The abolition of the basic student grant in September 2015 has forced students to borrow more. They are indeed borrowing, and the younger they are, the faster their debt appears to be growing.
The average student debt has increased from €12,400 in 2015 to €13,700 in 2019. In that period, the number of individuals with student debt has also increased, rising by 388,000 to reach 1.4 million.
Not a positive message
Student organisations are watching this trend with dismay. “The system is telling a whole generation that it is normal to borrow large sums of money,” says Kees Gillesse of the Dutch National Students Association (ISO). “That is not a positive message.”
Alex Tess Rutten of the Dutch National Union of Students (LSVb) agrees: “Substantial student debt is a cause of stress and has a serious impact on the rest of your life. Saddling young people with so much debt is nothing short of irresponsible.”
A coalition of four political parties introduced the new student loan system: VVD, D66, PvdA and GroenLinks. It increased the cost of studying by thousands of euros, while easing the rules that apply to repayment. Students now have 35 years to pay off their student debt – 20 years longer than previously – which means that their monthly repayments are lower. In addition, people on low incomes are allowed to repay less per month.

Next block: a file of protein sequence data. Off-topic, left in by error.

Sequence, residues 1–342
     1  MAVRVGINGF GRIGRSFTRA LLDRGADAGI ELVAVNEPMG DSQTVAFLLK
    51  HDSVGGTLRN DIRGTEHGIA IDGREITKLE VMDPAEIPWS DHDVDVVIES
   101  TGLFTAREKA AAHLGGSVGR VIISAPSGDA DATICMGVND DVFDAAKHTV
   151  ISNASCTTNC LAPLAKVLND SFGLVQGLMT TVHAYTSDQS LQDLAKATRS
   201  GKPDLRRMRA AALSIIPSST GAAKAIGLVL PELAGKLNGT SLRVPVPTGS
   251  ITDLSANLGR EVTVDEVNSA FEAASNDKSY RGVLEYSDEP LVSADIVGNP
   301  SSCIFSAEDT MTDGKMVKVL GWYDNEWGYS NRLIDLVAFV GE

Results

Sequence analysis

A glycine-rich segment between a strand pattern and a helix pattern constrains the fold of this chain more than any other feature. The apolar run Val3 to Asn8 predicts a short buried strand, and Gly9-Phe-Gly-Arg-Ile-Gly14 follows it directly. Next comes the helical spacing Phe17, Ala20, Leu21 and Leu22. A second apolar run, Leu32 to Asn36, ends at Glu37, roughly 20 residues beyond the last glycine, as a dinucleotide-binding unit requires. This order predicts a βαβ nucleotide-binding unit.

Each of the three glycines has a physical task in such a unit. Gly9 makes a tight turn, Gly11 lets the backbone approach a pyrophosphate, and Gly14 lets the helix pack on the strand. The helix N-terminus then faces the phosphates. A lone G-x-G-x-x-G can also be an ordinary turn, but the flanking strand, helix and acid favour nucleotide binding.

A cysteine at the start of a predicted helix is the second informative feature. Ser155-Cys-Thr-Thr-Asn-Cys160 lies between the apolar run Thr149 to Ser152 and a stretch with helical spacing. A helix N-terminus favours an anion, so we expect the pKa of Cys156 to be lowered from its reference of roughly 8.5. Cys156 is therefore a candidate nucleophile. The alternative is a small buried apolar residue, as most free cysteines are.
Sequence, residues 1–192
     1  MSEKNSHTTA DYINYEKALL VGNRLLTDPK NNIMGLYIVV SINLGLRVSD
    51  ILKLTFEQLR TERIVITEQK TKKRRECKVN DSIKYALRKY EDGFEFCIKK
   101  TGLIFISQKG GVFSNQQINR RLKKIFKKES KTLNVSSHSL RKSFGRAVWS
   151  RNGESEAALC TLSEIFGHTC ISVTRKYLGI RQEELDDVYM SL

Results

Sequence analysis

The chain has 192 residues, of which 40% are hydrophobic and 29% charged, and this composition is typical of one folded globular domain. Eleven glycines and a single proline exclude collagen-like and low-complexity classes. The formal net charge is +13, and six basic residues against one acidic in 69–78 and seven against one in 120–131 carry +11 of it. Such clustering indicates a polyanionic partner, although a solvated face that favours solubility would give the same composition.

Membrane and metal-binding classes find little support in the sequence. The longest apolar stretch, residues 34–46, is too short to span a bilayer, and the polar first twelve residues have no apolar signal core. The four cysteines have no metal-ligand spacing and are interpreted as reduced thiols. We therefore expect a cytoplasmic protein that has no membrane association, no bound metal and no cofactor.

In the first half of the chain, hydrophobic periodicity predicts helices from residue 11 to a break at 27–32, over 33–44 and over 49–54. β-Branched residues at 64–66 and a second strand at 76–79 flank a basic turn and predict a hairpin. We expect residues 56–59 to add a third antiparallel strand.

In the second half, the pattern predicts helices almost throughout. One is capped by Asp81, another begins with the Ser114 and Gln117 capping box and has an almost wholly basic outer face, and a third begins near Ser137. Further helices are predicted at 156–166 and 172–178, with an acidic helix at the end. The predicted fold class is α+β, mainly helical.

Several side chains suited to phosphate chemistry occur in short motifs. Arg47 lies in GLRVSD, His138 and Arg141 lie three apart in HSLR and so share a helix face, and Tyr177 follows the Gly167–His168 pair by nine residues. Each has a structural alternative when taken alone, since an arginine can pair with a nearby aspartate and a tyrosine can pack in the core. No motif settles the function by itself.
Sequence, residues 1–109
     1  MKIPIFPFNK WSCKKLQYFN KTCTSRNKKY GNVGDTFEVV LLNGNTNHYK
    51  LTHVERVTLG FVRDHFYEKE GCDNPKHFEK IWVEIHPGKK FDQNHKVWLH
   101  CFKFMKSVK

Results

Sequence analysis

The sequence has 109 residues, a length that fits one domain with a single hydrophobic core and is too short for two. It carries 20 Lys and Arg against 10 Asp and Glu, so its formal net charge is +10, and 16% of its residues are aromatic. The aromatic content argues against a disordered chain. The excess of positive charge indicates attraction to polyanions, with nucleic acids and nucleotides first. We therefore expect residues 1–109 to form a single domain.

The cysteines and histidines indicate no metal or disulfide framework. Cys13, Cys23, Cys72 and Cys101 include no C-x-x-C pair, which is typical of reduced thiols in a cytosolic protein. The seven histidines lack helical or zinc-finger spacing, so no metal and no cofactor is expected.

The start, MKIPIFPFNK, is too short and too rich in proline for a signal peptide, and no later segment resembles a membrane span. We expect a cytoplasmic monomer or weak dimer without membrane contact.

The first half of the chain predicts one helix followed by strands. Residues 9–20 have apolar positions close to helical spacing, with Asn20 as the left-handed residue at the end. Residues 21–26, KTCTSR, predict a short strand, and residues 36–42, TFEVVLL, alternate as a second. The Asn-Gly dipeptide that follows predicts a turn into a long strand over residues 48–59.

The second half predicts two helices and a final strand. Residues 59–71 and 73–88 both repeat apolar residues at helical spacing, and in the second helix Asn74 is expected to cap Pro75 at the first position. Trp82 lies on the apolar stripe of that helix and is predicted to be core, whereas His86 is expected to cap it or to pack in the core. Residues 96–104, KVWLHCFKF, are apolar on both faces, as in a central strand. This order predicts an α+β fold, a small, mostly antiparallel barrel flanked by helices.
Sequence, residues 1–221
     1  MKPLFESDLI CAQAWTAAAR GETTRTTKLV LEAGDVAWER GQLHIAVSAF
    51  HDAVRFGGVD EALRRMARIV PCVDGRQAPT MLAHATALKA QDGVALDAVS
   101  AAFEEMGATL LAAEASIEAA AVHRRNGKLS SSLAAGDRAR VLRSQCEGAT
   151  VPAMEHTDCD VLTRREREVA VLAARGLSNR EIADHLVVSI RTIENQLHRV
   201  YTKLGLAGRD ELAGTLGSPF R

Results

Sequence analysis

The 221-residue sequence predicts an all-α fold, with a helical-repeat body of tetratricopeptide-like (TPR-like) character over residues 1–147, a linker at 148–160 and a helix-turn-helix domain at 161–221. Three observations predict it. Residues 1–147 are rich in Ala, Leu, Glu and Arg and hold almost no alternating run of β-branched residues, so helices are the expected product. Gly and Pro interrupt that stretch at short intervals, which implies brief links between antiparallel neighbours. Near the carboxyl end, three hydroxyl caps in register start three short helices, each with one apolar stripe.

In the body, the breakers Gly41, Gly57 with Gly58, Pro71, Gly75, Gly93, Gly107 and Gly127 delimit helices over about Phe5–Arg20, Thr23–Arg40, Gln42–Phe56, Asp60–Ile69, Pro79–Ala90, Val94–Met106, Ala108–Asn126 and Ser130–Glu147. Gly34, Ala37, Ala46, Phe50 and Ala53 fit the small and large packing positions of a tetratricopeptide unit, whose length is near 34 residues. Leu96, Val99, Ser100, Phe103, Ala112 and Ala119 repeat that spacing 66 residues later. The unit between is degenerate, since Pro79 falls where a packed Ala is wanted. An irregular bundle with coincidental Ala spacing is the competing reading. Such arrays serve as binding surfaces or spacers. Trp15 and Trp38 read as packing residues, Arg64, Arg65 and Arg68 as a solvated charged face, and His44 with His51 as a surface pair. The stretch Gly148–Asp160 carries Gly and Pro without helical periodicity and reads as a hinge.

Basic student grant
GroenLinks and PvdA have now distanced themselves from the new system. In principle, there is a parliamentary majority in favour of returning to a basic student grant. However, the question remains as to what kind of system should be introduced.
Some parties have said they also want to see a form of compensation for students who come under the current student loan system. The rising levels of student debt show that this will not be easy.
The idea behind the new loan system was that the money generated would be reserved for higher education. In principle, universities and universities of applied sciences can look forward to hundreds of millions of euros in extra funding. Higher education institutions are busy making their own individual quality agreements for this purpose.
In the meantime, however, cutbacks have been imposed, which claw some of this money back from the higher education sector.